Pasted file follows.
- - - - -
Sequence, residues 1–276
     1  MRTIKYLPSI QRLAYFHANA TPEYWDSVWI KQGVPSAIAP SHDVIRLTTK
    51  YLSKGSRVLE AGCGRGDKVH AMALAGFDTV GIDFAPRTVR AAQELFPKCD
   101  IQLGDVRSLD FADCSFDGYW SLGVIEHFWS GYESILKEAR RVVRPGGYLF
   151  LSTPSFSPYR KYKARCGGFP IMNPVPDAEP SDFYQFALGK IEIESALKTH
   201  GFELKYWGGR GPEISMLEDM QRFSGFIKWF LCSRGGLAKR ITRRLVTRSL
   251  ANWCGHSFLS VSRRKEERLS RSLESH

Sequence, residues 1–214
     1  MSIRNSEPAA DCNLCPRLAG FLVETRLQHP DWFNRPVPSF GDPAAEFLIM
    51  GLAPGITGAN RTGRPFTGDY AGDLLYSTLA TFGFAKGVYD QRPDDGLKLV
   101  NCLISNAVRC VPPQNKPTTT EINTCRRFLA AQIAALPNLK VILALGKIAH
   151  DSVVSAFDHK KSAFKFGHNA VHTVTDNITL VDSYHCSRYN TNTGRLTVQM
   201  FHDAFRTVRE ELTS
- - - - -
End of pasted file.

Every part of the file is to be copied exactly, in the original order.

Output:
Sequence, residues 1–276
     1  MRTIKYLPSI QRLAYFHANA TPEYWDSVWI KQGVPSAIAP SHDVIRLTTK
    51  YLSKGSRVLE AGCGRGDKVH AMALAGFDTV GIDFAPRTVR AAQELFPKCD
   101  IQLGDVRSLD FADCSFDGYW SLGVIEHFWS GYESILKEAR RVVRPGGYLF
   151  LSTPSFSPYR KYKARCGGFP IMNPVPDAEP SDFYQFALGK IEIESALKTH
   201  GFELKYWGGR GPEISMLEDM QRFSGFIKWF LCSRGGLAKR ITRRLVTRSL
   251  ANWCGHSFLS VSRRKEERLS RSLESH

Sequence, residues 1–214
     1  MSIRNSEPAA DCNLCPRLAG FLVETRLQHP DWFNRPVPSF GDPAAEFLIM
    51  GLAPGITGAN RTGRPFTGDY AGDLLYSTLA TFGFAKGVYD QRPDDGLKLV
   101  NCLISNAVRC VPPQNKPTTT EINTCRRFLA AQIAALPNLK VILALGKIAH
   151  DSVVSAFDHK KSAFKFGHNA VHTVTDNITL VDSYHCSRYN TNTGRLTVQM
   201  FHDAFRTVRE ELTS